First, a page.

Then that’s when revenge comes along. As the transgressions keep repeating in your head, you may look for opportunities to enact your offence. And when a particular transgression is never resolved that offence can take years to come into play, delaying the response to “get even” with the partner who’s done wrong, Heide says.
The problem with this is the unexpected hurt your partner experiences, since they have no idea you’ve been harbouring this scenario to the point of “vomiting it up” years later, Heide explains.
And being surprised in this negative way will create another layer of hurt and anger within your partner, she says, and in response, they will withdraw emotionally as a defence before striking out angrily.
People hate to admit when they’re wrong and our brains are adapted to overlook our flaws. This gives us a sense of “rightness” so we don’t question our ability to fit in with people, Heide points out. Because of this trait, it’s easy for us to feel like defending our sense of righteousness is the right thing to do.
And if all a person is doing is deflecting, this means they’re never acknowledging what could have been done differently, Heide says.
Next comes blame, the most disempowering emotion on the spectrum, Heide says, because it doesn’t give you a chance to change the outcome.
No matter what your partner tries to do to better a situation, it will never feel like enough because other retaliatory behaviours will cancel out any positive impact your partner is trying to have on the relationship, Heide says.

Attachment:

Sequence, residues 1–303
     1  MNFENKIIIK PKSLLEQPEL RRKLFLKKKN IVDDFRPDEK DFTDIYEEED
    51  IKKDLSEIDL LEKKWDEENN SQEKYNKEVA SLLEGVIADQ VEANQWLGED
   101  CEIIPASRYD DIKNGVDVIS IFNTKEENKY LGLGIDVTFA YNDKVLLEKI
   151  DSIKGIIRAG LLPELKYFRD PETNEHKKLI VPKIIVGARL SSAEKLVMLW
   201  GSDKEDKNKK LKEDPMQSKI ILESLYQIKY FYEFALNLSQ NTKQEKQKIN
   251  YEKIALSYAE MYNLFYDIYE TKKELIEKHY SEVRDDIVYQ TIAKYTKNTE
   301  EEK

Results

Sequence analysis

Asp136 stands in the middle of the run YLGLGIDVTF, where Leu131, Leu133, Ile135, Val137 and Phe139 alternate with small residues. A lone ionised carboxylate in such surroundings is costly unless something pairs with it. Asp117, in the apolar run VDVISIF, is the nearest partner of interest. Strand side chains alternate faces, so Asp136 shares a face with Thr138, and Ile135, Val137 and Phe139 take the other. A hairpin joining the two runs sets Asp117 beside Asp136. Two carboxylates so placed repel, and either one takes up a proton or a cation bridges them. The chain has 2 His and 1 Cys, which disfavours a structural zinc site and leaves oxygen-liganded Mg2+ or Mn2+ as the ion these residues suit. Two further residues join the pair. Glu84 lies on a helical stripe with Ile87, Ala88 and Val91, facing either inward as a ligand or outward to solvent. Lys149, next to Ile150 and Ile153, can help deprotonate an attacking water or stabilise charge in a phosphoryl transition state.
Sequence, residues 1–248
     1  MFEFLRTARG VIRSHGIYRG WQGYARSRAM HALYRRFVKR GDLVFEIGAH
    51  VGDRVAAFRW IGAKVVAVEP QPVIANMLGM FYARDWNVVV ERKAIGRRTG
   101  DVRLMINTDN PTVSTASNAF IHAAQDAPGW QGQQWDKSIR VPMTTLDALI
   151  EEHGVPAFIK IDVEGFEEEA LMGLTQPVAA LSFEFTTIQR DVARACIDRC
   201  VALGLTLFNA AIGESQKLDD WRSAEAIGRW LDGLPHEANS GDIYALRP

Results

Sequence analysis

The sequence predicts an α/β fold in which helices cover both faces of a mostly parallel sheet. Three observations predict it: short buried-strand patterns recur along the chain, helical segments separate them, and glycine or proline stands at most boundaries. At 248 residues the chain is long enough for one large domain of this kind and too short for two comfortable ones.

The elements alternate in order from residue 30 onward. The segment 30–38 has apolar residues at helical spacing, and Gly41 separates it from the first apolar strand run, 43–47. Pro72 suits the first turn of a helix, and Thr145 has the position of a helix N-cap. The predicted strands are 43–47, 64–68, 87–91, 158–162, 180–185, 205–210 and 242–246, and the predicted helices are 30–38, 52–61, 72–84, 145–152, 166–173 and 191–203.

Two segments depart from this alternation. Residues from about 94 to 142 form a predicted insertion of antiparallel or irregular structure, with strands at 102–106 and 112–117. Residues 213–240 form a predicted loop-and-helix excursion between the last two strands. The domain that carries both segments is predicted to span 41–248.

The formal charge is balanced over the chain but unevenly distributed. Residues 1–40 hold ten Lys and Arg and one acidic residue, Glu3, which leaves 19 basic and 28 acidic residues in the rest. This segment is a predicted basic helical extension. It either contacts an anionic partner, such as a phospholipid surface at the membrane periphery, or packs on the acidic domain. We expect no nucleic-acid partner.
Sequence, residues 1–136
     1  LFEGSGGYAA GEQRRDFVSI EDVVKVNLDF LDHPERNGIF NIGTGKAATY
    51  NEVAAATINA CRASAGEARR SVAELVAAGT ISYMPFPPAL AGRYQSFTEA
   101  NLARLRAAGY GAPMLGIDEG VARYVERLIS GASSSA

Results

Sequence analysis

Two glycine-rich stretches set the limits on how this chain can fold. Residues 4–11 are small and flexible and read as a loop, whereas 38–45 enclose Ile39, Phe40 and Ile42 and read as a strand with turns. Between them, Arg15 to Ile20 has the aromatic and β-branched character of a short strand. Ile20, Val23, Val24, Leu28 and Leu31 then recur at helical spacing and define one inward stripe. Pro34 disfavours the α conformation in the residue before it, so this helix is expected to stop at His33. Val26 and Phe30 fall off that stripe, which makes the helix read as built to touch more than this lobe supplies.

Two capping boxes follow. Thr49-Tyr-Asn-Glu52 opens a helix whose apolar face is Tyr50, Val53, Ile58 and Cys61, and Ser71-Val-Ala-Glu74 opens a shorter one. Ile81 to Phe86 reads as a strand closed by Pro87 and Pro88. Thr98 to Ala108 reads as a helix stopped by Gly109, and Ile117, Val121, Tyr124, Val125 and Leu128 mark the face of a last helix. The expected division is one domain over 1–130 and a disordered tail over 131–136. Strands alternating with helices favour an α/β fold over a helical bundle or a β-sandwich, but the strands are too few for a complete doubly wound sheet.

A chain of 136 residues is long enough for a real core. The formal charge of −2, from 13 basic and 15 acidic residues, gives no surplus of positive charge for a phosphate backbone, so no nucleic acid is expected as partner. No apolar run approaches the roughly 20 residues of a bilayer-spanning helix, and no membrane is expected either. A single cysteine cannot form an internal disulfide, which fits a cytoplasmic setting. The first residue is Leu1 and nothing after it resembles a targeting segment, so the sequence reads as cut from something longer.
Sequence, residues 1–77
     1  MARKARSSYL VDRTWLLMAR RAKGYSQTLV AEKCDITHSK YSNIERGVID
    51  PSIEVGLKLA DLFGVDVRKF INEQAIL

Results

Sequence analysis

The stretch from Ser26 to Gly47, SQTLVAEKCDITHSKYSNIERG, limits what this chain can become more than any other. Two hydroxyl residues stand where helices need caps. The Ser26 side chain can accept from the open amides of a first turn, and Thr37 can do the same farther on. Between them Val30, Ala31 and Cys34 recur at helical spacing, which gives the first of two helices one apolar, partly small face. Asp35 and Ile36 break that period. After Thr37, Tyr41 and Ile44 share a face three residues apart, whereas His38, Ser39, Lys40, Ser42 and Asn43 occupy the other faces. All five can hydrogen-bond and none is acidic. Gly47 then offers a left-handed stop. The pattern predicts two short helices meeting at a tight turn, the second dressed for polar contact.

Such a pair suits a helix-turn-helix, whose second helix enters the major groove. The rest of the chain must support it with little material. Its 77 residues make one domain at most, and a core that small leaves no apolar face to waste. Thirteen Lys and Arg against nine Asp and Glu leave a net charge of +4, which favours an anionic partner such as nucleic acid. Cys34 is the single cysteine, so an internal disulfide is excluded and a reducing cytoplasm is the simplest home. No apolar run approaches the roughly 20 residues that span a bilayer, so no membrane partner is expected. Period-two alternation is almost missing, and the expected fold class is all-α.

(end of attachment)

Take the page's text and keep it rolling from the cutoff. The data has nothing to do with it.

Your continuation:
Because of this, the six above emotions will keep cycling over and over again until hopelessness kicks in.
“This emotion spells the beginning of the end for most relationships,” Heide says. “When someone feels like nothing can be done to change the pattern of negative emotions, hopelessness can set in and partners truly give up on even attempting positive change.”
It’s at this point people begin to plan their exit strategies rather than their future with their partner, Heide adds. It’s this hopelessness that can then breed contempt, as people start to hate their partner’s perceived neglect to their emotional well-being.
Change is always around the corner, Heide says. All it takes is the power to observe your own reactions and take responsibility for them.
“Fear that past pains will repeat themselves can make us say or do hurtful things to our present partner,” she says. “And if we never take responsibility for our reactions when we have them, or forgive our partners when they themselves exhibit those reactions, we end up in a constant cycle of hurt and negativity.”
It’s never too late to say sorry, Heide says, and it’s never too late to accept your partner’s apology either. If you resist this, then it will keep you from moving forward.
If you want to move forward, modify your brain to gain a better outcome going forward – in order to achieve a new life, you need a new brain, Heide says.
You can do this by doing a few minutes of mindfulness every day. This will reduce your capacity to feel stress, anxiety, fear and anger, and reduce those negative emotions. It will make it easier to forgive yourself and your partner, she says.
“Remember, perspective is key to forgiveness,” Heide says. “If you can understand why either you or your partner had a negative, hurt reaction, then you’re better able to forgive and move past it before that hurt escalates into something more damaging in your relationship.”